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In the Television Studios of Europe

Freedom of Public Speech in Televised Debates in Europe

What can we learn from television talk shows about the norms regulating freedom of public speech in the various countries of Europe?
What part of these programmes, and of news programmes more generally, is devoted to European Union coverage, and what is the tone of this coverage?
What lessons can be drawn from such television programming concerning a dawning supra-national public media space which would correspond to the supra-nationality of the televisual medium?

These are the three lines of questioning pursued by a collective research effort spearheaded by a research team from the CNRS' research unit “Communication et Politique”, coordinated by Guy Lochard (faculty member at the University of Paris III). This pluridisciplinary project brings together Danish, English, Spanish-Catalan and French research groups as well as one from Romania and one from Quebec. This variety facilitates intra-European comparisons between northern and southern countries, or eastern and western countries, as well as an external point of comparison from another geo-political context which itself is characterised by intense questionings concerning identity.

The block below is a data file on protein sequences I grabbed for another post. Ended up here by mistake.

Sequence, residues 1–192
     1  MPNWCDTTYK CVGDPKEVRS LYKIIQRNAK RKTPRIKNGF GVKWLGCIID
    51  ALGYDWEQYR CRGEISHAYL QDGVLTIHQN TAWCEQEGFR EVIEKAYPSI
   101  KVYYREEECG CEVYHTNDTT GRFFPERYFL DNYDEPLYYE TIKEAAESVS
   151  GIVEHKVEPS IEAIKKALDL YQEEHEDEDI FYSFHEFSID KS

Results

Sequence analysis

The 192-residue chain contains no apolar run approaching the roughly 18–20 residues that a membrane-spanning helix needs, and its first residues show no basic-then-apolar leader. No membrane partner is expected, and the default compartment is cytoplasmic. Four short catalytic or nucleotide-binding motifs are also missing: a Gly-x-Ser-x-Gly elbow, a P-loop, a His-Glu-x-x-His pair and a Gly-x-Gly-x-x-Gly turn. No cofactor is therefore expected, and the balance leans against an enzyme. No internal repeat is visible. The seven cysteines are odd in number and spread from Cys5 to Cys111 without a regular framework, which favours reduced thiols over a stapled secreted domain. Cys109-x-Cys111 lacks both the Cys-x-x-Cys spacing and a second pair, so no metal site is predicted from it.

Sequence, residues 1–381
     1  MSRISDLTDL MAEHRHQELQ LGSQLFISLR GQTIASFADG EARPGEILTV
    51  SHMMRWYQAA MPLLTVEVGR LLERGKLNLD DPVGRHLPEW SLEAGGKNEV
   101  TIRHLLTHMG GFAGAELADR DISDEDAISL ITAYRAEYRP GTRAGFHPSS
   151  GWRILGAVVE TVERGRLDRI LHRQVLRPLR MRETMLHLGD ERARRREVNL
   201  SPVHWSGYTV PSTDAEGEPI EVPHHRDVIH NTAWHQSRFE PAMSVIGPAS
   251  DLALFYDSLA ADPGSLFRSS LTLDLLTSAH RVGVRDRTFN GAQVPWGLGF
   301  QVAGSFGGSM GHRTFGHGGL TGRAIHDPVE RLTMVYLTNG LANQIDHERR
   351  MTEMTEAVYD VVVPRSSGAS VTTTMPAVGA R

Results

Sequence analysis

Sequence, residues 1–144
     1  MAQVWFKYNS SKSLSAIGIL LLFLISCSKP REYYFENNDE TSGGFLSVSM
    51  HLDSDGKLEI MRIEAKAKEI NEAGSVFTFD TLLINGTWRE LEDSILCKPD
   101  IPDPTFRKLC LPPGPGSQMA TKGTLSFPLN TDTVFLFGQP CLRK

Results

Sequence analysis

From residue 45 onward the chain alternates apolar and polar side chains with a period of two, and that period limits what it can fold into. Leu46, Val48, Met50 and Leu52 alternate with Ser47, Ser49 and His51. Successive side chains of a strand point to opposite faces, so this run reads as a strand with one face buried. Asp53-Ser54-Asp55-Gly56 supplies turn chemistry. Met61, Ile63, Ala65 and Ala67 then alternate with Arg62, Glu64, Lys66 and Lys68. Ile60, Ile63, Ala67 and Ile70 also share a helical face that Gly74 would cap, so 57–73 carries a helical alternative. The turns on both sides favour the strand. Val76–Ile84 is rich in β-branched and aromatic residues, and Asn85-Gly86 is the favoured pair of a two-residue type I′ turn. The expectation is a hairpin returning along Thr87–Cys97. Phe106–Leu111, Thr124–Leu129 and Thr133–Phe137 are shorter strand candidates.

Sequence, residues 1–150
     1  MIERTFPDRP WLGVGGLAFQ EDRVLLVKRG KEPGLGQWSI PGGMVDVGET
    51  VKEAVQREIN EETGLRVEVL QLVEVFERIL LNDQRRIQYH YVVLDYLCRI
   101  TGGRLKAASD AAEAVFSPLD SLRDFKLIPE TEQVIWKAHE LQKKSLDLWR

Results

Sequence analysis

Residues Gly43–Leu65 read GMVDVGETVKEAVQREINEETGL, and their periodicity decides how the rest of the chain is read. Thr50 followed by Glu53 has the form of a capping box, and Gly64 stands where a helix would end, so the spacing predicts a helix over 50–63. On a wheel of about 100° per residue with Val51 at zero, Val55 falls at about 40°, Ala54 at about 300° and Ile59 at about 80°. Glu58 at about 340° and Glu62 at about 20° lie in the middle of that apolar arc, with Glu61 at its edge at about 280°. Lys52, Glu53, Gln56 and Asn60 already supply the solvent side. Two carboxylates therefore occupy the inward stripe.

The study of the production context (types of operators, etc.) and of the ways programme mechanisms seek to conform (identities, status and role of participants, ways exchanges are handled) has revealed similarities and differences among countries. Pooling each group's findings has underscored significant East/West differences as well as certain particularities arising from specific sociocultural traditions. That being said, the project also uncovers a disturbing convergence among the countries under study. The generalised model of debate is characterised by a trivialisation of themes and a popularisation of ways of treating these themes (analysis replaced by theatrical polemics, experts no longer consulted, etc.).

This observation led project researchers to take a look at the Internet. How much credence to give to claims of an “electronic democracy” replacing an outmoded “cathode democracy”? This line of questioning has spurred studies on the Banat (a Euro-region in the center of Europe) and on Quebec. The next step is to pursue these questions at a cross-media level.




Guy Lochard
Laboratoire Communication et politique

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